Step 3: Declare victory and exchange high fives with your fellow New Atheists, as they congratulate you for your brilliance and erudition.

Step 4: When your opponent calls attention to this farcical procedure, accuse him of making unhinged, fallacious attacks on you.  Throw in the Myers Shuffle for good measure. 

Step 5: Exchange further high fives with your fellow New Atheists.

Step 6: Repeat 1 - 5 until your disconnect from reality is complete.

Friday, August 12, 2011

The metaphysics of Vertigo

[T]here are six people involved in every encounter: the two people as they see themselves, the two as they are seen by the other, and the two as they really are, whatever that is.

Charles Barr on Hitchcock’s Vertigo

I may be a hopeless reactionary when it comes to politics, philosophy, and theology, but I’m pretty conventional when it comes to movies.  What I think is good is pretty much what everyone else thinks is good.  Well, to a large extent, anyway.  Star Wars?  Sorry, can’t stand it.  David Lynch?  Ugh.  But Citizen Kane, Blade Runner, The Third Man, The Godfather and its first sequel, High Noon, even 2001: A Space Odyssey, ending and all -- yes, they deserve the hype.  And then there’s Vertigo.  The mystery genre may be the greatest of film genres, and Vertigo is certainly the greatest of mystery flicks.   AFI says so, so there.  (On the other hand, they put Lynch on the list.)   And as everyone knows, the reason it is the greatest mystery movie is not because of the murder, but because of the woman.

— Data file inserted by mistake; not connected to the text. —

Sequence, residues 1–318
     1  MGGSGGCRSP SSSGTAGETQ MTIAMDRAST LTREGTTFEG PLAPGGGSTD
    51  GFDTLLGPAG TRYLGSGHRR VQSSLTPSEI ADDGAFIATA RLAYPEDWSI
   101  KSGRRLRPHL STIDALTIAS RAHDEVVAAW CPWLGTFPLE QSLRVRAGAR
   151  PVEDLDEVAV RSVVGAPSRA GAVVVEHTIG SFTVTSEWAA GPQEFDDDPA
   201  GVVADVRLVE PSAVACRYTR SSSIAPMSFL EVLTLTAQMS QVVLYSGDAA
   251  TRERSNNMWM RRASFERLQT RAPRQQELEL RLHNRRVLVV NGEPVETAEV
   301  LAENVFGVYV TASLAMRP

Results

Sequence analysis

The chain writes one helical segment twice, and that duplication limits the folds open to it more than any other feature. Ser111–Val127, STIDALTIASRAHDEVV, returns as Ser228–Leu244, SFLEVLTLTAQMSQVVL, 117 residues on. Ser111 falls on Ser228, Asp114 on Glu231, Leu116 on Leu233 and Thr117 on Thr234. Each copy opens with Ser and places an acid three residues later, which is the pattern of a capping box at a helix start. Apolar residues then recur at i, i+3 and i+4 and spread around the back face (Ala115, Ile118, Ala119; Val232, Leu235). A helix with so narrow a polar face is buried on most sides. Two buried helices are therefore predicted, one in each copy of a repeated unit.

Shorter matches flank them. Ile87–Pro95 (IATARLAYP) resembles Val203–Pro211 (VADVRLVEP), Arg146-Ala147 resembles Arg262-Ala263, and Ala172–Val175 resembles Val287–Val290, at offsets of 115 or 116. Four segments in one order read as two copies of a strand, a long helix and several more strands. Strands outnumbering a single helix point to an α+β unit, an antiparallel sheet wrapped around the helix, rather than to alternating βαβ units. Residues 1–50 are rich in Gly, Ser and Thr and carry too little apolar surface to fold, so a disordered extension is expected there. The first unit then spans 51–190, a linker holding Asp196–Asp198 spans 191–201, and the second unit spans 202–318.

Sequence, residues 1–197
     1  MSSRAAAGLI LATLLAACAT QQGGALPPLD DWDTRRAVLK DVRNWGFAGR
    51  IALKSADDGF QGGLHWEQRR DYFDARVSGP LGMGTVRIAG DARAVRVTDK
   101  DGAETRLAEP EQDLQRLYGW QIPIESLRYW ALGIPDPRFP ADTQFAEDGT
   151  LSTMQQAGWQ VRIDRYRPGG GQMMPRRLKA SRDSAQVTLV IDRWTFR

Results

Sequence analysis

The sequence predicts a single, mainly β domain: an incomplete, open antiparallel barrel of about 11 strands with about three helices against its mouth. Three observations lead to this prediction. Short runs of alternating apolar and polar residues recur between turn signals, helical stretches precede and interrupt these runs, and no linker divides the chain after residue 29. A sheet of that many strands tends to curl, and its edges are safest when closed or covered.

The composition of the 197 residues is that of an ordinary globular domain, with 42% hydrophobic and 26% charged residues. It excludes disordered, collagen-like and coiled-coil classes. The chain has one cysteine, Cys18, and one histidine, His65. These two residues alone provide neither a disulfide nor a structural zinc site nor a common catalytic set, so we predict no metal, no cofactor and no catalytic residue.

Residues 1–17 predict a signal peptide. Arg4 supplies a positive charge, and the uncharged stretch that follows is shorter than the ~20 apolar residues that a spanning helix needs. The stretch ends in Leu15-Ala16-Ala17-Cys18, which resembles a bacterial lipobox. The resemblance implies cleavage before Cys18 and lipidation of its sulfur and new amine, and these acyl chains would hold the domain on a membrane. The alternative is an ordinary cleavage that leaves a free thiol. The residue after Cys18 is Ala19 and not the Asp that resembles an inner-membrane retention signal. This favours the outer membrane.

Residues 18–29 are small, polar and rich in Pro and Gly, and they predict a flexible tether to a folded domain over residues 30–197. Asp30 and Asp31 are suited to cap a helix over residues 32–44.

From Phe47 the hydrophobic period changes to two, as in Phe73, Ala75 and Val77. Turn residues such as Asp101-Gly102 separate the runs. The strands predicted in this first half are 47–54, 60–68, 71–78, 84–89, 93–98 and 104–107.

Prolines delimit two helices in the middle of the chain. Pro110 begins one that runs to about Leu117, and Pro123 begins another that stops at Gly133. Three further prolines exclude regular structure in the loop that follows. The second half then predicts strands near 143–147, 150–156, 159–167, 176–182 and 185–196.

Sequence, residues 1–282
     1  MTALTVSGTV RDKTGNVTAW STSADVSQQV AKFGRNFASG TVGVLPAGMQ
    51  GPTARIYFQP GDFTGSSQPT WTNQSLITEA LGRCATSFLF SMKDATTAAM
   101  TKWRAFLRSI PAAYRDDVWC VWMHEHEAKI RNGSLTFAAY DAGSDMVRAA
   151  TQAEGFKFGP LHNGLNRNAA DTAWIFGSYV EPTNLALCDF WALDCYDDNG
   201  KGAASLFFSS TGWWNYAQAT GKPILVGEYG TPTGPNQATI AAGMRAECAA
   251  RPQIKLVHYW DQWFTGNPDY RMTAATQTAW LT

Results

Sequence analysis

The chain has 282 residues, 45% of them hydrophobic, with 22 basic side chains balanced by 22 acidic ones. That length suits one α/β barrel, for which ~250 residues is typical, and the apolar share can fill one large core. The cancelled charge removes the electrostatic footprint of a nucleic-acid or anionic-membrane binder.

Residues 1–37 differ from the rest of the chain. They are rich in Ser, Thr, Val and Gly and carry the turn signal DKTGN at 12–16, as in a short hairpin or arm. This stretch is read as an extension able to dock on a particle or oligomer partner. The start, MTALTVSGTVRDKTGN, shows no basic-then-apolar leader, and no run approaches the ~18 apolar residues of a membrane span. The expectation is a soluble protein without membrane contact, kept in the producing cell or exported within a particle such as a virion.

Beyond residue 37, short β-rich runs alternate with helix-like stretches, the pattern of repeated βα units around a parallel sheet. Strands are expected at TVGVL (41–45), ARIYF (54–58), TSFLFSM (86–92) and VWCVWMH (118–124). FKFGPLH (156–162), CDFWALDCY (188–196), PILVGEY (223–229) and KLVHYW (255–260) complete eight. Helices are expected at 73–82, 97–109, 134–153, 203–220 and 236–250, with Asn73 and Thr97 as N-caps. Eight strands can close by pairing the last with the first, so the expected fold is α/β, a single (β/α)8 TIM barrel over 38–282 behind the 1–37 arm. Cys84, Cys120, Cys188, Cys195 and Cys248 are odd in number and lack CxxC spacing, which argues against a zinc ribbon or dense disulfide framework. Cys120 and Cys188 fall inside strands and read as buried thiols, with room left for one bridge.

Thursday, August 4, 2011

Vallicella on hylemorphic dualism

Hylemorphic dualism is the approach to the mind-body problem taken by Aquinas and the Thomist tradition more generally.  (The label may have been coined by David Oderberg, who defends the view in an important paper and in his book Real Essentialism.  “Hylemorphic” is sometimes spelled “hylomorphic,” though the former spelling is arguably preferable since it is closer to the Greek root hyle.)  The view holds both that the soul is the substantial form of the living human body (that is the “hylemorphic” part) and that it is unique among the forms of material things in being subsistent, that is, capable of surviving beyond the death of the body (that is the “dualism” part).  Our friend Bill Vallicella has recently put forward the following criticism of the view:


In the latest issue of Homiletic & Pastoral Review, Fr. Kenneth Baker kindly reviews my book The Last Superstition.  From the review: 

Feser offers a brilliant, careful analysis of the New Atheists’ position and shows that it is based on old philosophical errors and manifests a high degree of intellectual dishonesty, philosophical shallowness, and massive ignorance in the fields of history and theology.

Edward Feser knows what he is talking about, since he used to be an atheist.  But after studying the arguments of Aristotle and Thomas Aquinas he came to see that materialism and naturalism cannot survive serious rational analysis…

If you are concerned about the increase of atheism in America and would like to understand the false arguments for it and how to refute them, I suggest you give yourself a treat by reading this challenging book.

Monday, August 1, 2011

On some alleged quantifier shift fallacies, Part III

We’ve been looking at alleged cases of the quantifier shift fallacy committed by prominent philosophers.  We’ve seen that Aquinas and Locke can both be acquitted of the charge.  Let’s now look at the common accusation that Aristotle commits the fallacy in the Nicomachean Ethics.  Harry Gensler tells us that “Aristotle argued, ‘Every agent acts for an end, so there must be some (one) end for which every agent acts.’”  But what does Aristotle actually say?  And need it be interpreted the way Gensler interprets it?